Securing Patent Protection in the United States
The Value of Applying for U.S. Patent Protection
The U.S. is not only the biggest economy in the world by nominal GDP, but also Canada’s biggest trading partner by a large margin. As such, it comes as no surprise that many Canadian businesses looking to commercialize innovative products consider filing for intellectual property protection not only in Canada, but also in the U.S.
Patent rights are instrumental in ensuring innovative products are protected against infringement by competitors looking to profit from your intellectual labour. However, patent rights are granted on a jurisdiction-by-jurisdiction basis. This means that filing a patent application and receiving a successful patent grant in Canada does not provide protection in the United States or in other nations or regions. Consequently, many Canadian businesses looking to commercialize their intangible assets file patent applications in both Canada and the U.S. to align their legal protections with the markets in which they regularly do business. With the U.S. being home to many of the world’s biggest technology companies and with the U.S. recently seeing over 300,000 patent applications filed per year by non-U.S. residents, filing for patent protection in the U.S. can be a strategic point of entry for Canadian businesses into the most innovative economy in the world.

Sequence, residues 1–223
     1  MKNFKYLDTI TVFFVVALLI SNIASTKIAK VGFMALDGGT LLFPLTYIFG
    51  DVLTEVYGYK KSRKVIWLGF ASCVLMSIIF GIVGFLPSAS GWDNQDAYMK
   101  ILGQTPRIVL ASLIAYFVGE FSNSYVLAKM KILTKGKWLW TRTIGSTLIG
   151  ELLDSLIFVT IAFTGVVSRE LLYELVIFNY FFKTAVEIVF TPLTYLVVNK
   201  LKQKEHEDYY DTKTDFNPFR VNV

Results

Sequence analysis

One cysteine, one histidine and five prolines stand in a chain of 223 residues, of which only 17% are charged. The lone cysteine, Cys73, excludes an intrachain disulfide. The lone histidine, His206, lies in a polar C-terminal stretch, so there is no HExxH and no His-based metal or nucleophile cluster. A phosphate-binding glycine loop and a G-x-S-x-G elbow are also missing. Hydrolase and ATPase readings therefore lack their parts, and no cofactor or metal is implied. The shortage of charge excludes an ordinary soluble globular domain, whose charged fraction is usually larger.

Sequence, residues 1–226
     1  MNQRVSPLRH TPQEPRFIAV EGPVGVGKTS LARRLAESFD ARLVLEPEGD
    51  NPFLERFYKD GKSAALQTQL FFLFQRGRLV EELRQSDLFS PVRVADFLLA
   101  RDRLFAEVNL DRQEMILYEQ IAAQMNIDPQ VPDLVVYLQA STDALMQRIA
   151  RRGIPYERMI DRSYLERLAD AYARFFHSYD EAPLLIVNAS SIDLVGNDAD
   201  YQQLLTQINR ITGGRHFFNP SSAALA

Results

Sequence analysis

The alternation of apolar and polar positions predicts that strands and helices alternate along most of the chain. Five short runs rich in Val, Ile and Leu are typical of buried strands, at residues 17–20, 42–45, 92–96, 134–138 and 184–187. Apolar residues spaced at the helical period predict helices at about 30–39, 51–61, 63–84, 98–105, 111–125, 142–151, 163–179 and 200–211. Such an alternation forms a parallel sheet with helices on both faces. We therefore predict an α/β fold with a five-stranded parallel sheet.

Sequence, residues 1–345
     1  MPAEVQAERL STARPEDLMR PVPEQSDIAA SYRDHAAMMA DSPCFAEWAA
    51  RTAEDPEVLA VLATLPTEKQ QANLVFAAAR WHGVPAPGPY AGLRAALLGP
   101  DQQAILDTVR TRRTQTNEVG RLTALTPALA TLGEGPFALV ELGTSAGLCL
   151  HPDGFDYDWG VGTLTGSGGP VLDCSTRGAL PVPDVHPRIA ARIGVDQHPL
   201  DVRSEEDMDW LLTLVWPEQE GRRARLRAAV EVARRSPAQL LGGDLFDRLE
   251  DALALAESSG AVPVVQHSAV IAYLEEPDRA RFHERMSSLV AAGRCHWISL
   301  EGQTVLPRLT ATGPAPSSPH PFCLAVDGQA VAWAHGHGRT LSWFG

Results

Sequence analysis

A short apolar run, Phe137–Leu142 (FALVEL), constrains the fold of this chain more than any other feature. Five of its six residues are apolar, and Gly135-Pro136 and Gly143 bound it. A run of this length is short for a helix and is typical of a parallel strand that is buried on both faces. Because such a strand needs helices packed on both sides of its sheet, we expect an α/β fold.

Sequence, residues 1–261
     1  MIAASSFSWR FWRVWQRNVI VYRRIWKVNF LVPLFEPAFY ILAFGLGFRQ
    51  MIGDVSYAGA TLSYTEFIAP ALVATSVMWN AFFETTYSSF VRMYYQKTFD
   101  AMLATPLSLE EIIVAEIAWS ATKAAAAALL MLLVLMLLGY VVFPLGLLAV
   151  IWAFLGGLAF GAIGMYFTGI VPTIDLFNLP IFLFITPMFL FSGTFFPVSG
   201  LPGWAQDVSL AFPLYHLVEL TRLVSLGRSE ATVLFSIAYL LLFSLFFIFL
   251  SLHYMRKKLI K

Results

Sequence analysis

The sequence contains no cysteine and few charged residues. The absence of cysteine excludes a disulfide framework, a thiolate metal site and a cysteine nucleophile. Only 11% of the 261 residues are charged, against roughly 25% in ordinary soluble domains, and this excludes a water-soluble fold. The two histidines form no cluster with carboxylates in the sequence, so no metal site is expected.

Key Differences Between U.S. and Canadian Patent Filings
There are several important differences between U.S. and Canadian patent filings, but there are also strong similarities. In fact, if you retain a Canadian patent professional to draft the substance of a Canadian patent application and decide to also file for patent protection in the U.S., the vast majority of the legal work done by the Canadian patent lawyer can be reused in the U.S. patent application. This substantially reduces the costs associated with filing in both the U.S. and Canada and is the foundation of many cost-effective multijurisdictional filing strategies.